Currently, the surviving spouse and family of a deceased veteran who had a service-connected disability deemed fully debilitating for a continuous period of at least eight years prior to death receive an additional monthly financial benefit from the Department of Veterans Affairs (VA). However, the average life expectancy for an individual diagnosed with ALS is just two to five years after diagnosis, resulting in many families in which ALS-diagnosed veterans did not reach the eight-year threshold allowing family members access to this benefit. The Justice for ALS Veterans Act would ensure surviving spouses of veterans who die from ALS receive these payments, regardless of how long a veteran had ALS prior to death.

 Veterans are at least twice as likely to develop ALS as the general public. That means those who enlisted in the military are at least twice as likely to experience ALS, a merciless illness that is currently 100% fatal.

 “For our military veterans, the chances of developing amyotrophic lateral sclerosis (ALS) are significantly higher than it is for those who have not served in the armed forces. ALS is a neurodegenerative disease that is always fatal, usually within two to five years. Therefore, it is imperative that our nation supports veterans living with ALS, and their families, by passing the Justice for ALS Veterans Act. Surviving families should not be penalized from receiving increased compensation due to the fast progression of ALS,” said Calanet Balas, President and CEO, the ALS Association.

 “Denying benefits to the surviving spouses of ALS veterans because they were unable to survive long enough to meet an arbitrary timeline is a disservice to the veteran community and their families. PVA thanks Senators Coons and Murkowski for the reintroduction of the Justice for ALS Veterans Act, which would ensure that ALS survivors are able to receive the additional compensation afforded to other survivors,” said Heather Ansley, Associate Executive Director of Government Relations, Paralyzed Veterans of America (PVA).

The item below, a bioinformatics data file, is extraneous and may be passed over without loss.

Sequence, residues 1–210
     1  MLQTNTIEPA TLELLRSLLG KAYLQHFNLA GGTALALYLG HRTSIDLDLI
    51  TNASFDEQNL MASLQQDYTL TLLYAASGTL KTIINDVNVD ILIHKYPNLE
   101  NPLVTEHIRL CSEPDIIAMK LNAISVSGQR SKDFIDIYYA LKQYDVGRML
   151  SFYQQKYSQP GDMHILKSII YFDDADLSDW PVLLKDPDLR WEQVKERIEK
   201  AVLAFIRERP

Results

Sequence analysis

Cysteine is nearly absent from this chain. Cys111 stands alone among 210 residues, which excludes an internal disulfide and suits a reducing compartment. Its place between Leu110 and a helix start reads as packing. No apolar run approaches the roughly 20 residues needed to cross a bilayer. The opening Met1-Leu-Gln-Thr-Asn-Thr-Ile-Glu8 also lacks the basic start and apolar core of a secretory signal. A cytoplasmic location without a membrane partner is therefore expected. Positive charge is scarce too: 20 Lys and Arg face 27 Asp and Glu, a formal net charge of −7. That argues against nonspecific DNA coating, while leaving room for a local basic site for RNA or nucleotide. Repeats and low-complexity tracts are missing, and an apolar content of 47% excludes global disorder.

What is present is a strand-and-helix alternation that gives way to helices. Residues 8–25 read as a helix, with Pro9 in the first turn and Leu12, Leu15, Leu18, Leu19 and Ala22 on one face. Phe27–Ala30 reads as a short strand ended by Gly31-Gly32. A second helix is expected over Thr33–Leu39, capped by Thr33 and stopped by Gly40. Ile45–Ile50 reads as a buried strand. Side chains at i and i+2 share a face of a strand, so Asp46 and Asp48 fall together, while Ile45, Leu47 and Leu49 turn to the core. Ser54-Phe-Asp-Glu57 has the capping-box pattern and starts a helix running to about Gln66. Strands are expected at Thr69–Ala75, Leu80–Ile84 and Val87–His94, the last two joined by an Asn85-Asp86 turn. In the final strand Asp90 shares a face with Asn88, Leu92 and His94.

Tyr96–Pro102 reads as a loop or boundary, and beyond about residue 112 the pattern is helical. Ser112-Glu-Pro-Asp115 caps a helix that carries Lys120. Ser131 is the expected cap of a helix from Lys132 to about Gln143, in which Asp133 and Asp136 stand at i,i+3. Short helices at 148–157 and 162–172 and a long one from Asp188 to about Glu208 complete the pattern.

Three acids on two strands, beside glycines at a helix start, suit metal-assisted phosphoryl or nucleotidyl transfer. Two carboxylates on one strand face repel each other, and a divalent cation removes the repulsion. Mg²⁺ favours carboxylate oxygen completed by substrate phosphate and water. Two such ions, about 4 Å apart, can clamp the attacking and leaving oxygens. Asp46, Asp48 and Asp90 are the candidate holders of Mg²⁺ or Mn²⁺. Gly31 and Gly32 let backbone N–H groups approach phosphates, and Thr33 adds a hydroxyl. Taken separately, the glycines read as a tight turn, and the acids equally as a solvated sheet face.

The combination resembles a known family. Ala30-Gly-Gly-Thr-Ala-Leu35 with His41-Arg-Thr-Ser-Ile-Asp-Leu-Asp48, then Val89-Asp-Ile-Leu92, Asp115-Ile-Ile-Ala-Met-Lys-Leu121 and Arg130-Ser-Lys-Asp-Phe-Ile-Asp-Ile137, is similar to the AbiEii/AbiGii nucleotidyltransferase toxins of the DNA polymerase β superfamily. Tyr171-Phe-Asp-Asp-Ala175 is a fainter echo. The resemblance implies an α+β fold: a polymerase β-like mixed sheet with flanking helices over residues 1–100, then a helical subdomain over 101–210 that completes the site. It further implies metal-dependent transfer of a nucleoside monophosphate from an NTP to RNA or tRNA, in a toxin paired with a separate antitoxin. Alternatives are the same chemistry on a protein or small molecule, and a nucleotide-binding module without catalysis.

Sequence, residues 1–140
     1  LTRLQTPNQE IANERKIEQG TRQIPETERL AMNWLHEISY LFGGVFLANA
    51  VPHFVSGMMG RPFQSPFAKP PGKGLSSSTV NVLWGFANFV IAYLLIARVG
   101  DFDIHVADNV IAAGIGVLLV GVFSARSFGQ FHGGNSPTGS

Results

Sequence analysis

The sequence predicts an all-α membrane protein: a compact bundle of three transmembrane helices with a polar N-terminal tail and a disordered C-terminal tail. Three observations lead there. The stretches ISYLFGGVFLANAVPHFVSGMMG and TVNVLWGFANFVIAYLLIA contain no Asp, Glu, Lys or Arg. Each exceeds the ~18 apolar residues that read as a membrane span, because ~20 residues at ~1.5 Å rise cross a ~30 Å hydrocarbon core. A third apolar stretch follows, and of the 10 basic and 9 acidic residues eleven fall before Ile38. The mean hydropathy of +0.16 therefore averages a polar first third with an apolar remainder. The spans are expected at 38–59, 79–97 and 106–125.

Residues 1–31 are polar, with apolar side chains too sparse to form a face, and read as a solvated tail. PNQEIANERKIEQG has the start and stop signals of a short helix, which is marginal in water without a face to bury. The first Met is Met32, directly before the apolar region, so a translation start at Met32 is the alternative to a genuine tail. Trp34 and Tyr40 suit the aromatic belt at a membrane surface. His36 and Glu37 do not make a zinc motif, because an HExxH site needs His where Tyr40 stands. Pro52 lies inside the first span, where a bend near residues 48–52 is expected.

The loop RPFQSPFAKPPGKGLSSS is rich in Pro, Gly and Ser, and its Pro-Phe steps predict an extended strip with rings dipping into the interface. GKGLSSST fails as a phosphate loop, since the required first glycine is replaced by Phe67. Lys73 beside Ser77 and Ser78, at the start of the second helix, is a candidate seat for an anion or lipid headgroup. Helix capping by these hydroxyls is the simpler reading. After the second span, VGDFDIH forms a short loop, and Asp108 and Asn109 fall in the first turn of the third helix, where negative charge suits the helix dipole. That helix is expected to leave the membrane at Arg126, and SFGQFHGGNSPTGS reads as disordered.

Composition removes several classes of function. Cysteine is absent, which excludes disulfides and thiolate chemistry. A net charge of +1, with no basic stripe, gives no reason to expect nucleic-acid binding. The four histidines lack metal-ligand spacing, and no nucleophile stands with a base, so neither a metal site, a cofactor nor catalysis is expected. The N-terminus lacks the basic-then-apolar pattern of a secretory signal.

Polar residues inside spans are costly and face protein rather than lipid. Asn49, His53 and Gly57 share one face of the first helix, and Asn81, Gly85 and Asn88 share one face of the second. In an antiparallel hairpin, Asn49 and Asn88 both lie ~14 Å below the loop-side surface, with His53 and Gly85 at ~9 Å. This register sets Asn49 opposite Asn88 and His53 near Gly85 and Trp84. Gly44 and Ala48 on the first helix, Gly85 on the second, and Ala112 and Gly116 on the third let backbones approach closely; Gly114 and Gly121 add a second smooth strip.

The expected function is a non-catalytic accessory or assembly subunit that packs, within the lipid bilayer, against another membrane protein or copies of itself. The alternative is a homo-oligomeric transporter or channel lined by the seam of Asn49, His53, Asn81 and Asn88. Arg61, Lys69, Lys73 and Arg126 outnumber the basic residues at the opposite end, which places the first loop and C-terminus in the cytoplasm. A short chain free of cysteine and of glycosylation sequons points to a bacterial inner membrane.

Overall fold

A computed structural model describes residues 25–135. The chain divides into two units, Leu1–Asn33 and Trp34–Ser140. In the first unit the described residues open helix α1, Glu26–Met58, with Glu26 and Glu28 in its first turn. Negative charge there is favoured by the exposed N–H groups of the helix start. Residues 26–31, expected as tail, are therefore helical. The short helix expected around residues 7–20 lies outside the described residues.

“The VA recognizes ALS as a presumptive service-connected disease and, due to its aggressive nature, automatically rates any diagnosed veteran at 100% once it’s determined to be service-connected. After diagnosis, individuals with ALS have an average lifespan of two to five years. Sadly, many veterans are unable to meet DIC’s eight-year requirement for the additional amounts payable to survivors. The Justice for ALS Veterans Act would allow survivors of veterans who pass away due to service-connected ALS to receive that additional monthly compensation, regardless of the length of time it was service-connected. DAV applauds Senator Coons for his efforts in providing justice for ALS veterans and their families,” said Jim Marszalek, National Service Director, Disabled American Veterans (DAV).

 “ALS is a 100% service-connected disease; veterans are twice as likely to be diagnosed. In addition to the tragic, debilitating, and 100% fatal diagnosis, loved ones of veterans with ALS are being denied financial resources under current law because of the rapid progression,” said Brian Wallach, advocate and founder of the advocacy organization I AM ALS, who is living with the disease. “We greatly appreciate the bipartisan leadership and continued dedication of Senators Coons and Murkowski to the ALS and veteran communities, and wholeheartedly support the Justice for ALS Veterans Act. This important legislation will ensure all survivors of veterans who died from ALS will receive the benefits they are due for their service to our country.”